Each week, an educator takes a stand or shares an Aha! moment in the classroom in Education World's Voice of Experience column. This week, Brenda Dyck expresses her amazement at being asked to sign a nondisclosure agreement -- and shares what she learned as a result. Could you be next? Included: What you should know about nondisclosure agreements.
"The business of America is business." -- Calvin Coolidge
After reading Calvin Coolidge's pithy assessment of American culture, I suspect that he must have caught a prophetic glimpse of the 21st century classroom. Coolidge's impression was the same one I had when I returned to teaching after an 18-year child-raising hiatus.
The school I entered in 1997 resembled, in some ways, a corporate culture more than an education community. Administrators spoke of corporate sponsors and partnerships with Microsoft and Hewlett Packard. Unfamiliar lingo like fishbone diagram, continuous improvement, and paradigm shift peppered my colleagues' conversations. The ideas of Edward Demming, of the Total Quality Management (TQM) movement, had replaced those of John Dewey.
It became evident to me that Warren Bennis, an authority on present-day leadership, wasn't far from the truth when he stated: "Business with a large B is the concentrated epitome of our culture and is inseparable from it."
Recently, I've observed a darker side to the infiltration of a corporate mindset into the learning community. As in business, the emphasis on the bottom line has begun to plague teachers and students alike. Meeting and exceeding "bottom line learning standards" has become the dominant focus of classroom learning.
The widespread corporate involvement in education has even spawned protection-based organizations, such as the Commercialism in Education Research Unit, which comes out of the Educational Policy Studies Laboratory at Arizona State University.
The influence of business practices in education is never so evident as when it involves intellectual capital. Intellectual capital is "knowledge, information, intellectual property, experience that can be put to use to create wealth," explains Tom Stewart in his book, Intellectual Capital: The New Wealth of Organizations (Currency Doubleday). Not only has the business world begun to realize that knowledge and creativity are critical resources in the world economy but it has also begun to determine how much it costs an organization to lose what employees know.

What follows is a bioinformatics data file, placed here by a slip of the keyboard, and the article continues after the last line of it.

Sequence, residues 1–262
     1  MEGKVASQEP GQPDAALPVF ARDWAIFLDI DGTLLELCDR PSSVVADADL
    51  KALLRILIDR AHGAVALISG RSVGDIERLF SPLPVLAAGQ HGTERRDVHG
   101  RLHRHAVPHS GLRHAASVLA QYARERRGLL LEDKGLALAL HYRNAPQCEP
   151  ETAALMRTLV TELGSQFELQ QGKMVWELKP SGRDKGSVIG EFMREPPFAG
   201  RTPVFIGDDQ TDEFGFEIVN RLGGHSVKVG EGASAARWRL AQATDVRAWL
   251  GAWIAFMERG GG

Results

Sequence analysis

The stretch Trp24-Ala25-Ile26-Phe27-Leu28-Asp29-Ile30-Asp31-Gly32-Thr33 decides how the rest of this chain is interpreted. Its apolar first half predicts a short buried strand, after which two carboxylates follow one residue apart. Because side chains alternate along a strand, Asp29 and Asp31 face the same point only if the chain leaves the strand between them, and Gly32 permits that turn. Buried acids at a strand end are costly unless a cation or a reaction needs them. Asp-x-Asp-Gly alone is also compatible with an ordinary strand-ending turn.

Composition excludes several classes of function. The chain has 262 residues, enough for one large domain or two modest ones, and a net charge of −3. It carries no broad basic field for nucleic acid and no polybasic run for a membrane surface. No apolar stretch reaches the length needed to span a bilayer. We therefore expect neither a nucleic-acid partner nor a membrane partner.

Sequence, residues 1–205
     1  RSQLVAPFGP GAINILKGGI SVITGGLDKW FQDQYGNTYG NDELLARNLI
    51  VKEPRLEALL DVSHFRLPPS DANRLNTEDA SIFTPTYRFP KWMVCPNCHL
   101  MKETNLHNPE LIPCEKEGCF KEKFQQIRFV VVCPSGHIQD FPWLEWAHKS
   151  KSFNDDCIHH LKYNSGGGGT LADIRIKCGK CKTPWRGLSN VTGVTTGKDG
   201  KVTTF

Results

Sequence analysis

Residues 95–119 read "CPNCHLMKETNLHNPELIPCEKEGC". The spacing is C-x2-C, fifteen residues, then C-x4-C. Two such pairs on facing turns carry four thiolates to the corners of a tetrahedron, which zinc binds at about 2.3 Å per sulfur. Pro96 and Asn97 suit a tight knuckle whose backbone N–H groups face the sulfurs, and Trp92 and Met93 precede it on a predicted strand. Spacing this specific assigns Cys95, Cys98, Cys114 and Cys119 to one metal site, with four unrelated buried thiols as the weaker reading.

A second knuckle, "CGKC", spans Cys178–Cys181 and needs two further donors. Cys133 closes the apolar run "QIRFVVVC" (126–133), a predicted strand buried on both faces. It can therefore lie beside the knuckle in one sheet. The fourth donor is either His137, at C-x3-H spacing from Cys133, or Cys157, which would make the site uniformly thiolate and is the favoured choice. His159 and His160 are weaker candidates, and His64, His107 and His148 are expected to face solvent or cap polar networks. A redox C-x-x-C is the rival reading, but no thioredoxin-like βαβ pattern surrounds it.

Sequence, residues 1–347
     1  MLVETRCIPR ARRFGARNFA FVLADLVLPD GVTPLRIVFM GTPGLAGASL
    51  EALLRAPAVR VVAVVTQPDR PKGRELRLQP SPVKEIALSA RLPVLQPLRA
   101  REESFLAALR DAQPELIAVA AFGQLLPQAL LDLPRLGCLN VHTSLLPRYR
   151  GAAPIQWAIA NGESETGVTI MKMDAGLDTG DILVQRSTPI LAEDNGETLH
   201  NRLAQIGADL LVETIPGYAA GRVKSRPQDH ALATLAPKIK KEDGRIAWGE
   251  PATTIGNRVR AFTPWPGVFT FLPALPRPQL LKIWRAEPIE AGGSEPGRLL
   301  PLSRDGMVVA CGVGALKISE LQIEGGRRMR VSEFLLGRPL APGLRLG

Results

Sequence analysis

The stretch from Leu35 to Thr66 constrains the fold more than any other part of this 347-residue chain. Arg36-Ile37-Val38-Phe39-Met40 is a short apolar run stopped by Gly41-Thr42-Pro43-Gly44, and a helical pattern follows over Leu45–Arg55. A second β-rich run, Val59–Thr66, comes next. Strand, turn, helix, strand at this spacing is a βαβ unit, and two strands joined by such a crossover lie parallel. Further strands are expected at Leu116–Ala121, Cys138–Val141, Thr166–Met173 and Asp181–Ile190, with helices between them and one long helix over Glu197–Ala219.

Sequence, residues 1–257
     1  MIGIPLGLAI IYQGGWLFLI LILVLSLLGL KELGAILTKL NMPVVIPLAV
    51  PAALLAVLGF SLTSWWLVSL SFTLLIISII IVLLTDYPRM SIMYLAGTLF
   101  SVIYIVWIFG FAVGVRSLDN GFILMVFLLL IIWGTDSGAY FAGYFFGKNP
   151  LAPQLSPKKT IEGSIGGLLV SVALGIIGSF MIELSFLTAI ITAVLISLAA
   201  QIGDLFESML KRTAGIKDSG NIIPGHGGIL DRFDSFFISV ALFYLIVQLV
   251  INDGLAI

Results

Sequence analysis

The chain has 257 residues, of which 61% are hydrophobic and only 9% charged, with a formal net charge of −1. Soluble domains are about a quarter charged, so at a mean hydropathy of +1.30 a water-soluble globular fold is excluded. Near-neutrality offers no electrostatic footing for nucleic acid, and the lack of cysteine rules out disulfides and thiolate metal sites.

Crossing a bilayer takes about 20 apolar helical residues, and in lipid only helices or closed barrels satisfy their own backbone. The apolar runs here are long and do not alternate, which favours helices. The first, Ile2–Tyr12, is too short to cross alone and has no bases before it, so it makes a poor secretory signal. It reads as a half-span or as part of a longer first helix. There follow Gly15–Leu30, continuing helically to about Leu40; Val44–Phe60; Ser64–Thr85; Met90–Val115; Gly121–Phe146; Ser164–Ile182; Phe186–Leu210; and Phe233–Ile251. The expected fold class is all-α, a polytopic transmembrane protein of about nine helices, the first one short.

Now, the concept of intellectual capital has begun to creep into the education business as well, as schools take measures to protect the intellectual capital that separates their place of learning from others. Those schools have begun to require educators to sign nondisclosure agreements, agreements that limit educators' use of what they know and require them to leave behind what they've created at a particular place of employment.
Unquestionably, the most powerful reformation force in education has been the advent of the World Wide Web. The Web has connected educators around the world and enabled them to do what they do best: share what they know. Gone is the isolationism that plagued teachers of past years.
The implementation of nondisclosure agreements ties teachers' hands by short-circuiting those opportunities for sharing and the professional growth that results. And nondisclosure agreements are not limited to higher education. Some grade school teachers, including this one, have even been asked to sign one. You could be next!
When a nondisclosure agreement was first placed before me, I did some research. As a result of that research, I can offer a few facts about nondisclosure agreements that every educator should know:
Brenda Dyck teaches at ABC Charter Public School, a school for gifted and talented children, in Calgary, Alberta, Canada. In addition to teaching sixth-grade math and science, Dyck is also the school librarian. She has written for various educational periodicals and is a teacher-editor for Midlink magazine.